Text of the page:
If all this sounds mystifying, take it to a tech when you get a chance -- (s)he very likely can fix this in minutes. As you've changed string guages, you probably need to adjust intonation anyway.

Joe's advice is on the mark -- there is a lot to learn, but if this is your only guitar, be careful. As a teenager, I managed to snap the truss rod of my first electric guitar and was forced to play my brother $25 cheese slicer while I learned to rebuild mine. Quite a lesson.

-=tension & release=-


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(@97reb)
Noble Member
Joined: 18 years ago
Posts: 1223
 

This is all good advice, and in addition there are websites that can help. Like this one, just ask your questions, because we are here to help. Also, while you are on your computer, check your local library's card catalog to see if they have books dealing with guitar maintenence. You might find some stuff at the library about guitars you did not know they carried. That is even more free advice. Good Luck. Also, just my opinion 9's are just as low as you want to go on your guitar. A set of 8's just has no substance to them. I find they go out of tune more and you will break more high E's.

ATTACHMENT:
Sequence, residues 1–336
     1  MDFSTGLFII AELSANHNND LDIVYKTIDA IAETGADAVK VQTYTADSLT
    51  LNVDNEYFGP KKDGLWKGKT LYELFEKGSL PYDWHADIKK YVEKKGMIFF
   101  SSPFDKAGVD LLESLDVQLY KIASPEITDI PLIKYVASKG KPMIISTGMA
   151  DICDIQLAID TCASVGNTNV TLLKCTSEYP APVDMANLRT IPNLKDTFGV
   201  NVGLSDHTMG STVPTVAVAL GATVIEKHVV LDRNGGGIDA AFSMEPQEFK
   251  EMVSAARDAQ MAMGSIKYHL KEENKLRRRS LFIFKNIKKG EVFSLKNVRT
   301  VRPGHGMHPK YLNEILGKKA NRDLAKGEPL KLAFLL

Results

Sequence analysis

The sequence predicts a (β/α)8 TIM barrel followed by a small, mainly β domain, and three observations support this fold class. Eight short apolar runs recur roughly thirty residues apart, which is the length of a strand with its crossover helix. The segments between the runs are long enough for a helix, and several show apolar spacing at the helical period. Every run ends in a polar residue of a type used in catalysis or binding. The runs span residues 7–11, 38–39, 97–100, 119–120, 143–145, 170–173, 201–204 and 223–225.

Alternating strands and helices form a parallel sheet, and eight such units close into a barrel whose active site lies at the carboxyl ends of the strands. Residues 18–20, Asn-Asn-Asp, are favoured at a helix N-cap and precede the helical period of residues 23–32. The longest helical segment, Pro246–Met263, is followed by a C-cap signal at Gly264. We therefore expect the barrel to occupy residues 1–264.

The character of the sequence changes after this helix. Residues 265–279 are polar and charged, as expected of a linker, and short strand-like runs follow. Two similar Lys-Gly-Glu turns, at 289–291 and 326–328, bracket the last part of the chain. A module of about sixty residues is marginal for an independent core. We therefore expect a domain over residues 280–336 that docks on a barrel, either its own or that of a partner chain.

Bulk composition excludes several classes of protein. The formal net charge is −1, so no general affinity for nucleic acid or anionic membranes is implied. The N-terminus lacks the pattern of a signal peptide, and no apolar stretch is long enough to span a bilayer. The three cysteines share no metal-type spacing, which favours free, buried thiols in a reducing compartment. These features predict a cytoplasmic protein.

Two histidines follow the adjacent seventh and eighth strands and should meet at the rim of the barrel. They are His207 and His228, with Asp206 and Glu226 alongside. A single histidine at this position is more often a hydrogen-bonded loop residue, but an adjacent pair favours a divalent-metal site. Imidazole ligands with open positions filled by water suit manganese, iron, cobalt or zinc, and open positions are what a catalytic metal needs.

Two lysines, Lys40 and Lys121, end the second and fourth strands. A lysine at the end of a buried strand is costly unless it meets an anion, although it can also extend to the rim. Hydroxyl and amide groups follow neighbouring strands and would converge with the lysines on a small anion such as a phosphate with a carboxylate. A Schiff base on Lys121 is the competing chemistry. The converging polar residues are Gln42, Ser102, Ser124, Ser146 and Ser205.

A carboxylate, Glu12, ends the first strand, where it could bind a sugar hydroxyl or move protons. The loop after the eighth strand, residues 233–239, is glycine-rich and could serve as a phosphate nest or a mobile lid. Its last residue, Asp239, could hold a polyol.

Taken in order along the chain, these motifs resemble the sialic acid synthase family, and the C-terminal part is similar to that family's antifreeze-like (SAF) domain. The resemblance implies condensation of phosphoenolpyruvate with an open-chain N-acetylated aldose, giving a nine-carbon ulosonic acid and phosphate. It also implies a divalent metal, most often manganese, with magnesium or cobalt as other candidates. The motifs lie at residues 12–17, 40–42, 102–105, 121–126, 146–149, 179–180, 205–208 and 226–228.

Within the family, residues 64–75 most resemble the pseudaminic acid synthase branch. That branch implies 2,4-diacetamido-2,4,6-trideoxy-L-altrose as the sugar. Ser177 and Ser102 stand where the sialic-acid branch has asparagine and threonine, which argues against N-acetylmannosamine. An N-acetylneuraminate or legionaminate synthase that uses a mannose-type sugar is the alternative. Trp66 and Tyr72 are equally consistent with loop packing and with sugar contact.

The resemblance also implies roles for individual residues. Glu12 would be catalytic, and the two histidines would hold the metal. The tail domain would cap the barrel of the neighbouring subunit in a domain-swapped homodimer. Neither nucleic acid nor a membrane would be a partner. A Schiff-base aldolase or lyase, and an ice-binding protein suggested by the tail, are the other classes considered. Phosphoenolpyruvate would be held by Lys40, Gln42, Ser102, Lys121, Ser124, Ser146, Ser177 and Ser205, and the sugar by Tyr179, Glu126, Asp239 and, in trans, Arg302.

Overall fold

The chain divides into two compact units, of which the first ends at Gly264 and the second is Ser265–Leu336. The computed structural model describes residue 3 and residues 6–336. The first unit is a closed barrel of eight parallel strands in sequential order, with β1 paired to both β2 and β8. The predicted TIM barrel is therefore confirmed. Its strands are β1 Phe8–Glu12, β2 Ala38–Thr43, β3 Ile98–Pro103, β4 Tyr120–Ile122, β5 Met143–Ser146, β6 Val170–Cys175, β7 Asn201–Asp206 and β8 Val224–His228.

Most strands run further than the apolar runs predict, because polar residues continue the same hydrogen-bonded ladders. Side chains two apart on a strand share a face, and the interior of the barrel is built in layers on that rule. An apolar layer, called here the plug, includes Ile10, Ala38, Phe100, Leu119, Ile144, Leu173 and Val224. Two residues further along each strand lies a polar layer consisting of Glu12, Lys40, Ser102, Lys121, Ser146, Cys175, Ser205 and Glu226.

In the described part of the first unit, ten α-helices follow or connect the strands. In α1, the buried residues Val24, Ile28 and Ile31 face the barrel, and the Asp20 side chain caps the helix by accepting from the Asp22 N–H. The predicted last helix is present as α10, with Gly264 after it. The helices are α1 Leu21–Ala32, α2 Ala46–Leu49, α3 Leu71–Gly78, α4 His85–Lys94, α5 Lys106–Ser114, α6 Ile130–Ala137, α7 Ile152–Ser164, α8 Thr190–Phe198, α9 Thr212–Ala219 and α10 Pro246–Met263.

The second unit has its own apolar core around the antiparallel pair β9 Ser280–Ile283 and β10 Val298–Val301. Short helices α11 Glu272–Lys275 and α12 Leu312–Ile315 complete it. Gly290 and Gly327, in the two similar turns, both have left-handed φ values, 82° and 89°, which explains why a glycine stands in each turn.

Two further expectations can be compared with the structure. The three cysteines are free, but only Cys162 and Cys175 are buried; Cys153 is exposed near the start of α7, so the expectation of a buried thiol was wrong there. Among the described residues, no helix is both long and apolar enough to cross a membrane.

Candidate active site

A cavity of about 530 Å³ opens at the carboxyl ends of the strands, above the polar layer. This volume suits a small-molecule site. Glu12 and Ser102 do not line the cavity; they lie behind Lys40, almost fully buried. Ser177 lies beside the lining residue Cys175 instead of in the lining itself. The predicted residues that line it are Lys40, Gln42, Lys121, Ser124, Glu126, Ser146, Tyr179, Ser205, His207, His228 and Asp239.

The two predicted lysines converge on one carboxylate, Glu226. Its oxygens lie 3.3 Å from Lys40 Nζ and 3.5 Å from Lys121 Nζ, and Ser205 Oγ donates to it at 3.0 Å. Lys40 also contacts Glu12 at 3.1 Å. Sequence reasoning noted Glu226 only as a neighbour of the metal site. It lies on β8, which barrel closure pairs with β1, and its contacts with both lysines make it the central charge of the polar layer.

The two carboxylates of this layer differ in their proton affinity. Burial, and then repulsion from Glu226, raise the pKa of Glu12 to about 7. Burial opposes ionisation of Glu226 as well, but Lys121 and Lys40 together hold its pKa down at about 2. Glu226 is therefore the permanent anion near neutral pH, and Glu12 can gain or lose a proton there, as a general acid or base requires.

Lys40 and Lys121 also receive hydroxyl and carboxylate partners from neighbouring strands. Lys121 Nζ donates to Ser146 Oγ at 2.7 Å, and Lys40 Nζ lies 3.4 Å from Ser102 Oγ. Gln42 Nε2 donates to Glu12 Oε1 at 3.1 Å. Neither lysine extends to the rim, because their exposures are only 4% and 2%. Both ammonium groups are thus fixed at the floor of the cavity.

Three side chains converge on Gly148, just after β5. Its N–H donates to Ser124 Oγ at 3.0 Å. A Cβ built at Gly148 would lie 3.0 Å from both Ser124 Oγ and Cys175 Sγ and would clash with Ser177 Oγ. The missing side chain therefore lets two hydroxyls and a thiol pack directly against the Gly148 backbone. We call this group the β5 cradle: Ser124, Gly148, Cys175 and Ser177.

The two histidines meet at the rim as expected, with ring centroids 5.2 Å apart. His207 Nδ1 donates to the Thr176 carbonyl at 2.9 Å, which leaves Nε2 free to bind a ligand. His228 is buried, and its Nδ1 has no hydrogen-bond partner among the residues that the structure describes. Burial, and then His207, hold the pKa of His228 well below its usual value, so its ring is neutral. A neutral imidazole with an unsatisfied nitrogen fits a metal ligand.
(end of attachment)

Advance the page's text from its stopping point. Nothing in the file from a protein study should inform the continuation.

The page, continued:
It is a small world for metal fanatics. I welcome you fellow musicians, especially the metalheads!


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(@noteboat)
Famed Member
Joined: 18 years ago
Posts: 4933
 

I'll go with a different possible cause...

Take a real close look at the nut. If the string slots are more 'V' shapped rather than 'U' shaped at the bottom, it's possible that the thinner gauge strings are sitting a touch lower in the slots... and that's more likely to happen with the thicker (wound) strings.

If that's the cause, you've got three choices:

1. Take the nut off and shim it so it sits a bit higher
2. Replace the nut
3. Go back to heavier strings.

What gnease says about neck relief is unlikely, in my opinion. Neck relief can cause buzzing, but it usually shows up on either starts at one side of the neck, or affects all the strings at once. If your low E doesn't buzz, and your A does, the cause probably isn't relief.

What Joe says is dead on - don't learn to do setups on your primary guitar. Everyone makes mistakes in learning, and if your axe needs to sit in a shop for a week or two, it's an expensive lesson in more ways than one.

Oh yeah, the screws in the bridge... the ones in the tail of the bridge on a Strat adjust the string length (for intonation adjustments) and the two tiny ones that sit on the sides of each string will allow you to adjust individual string height.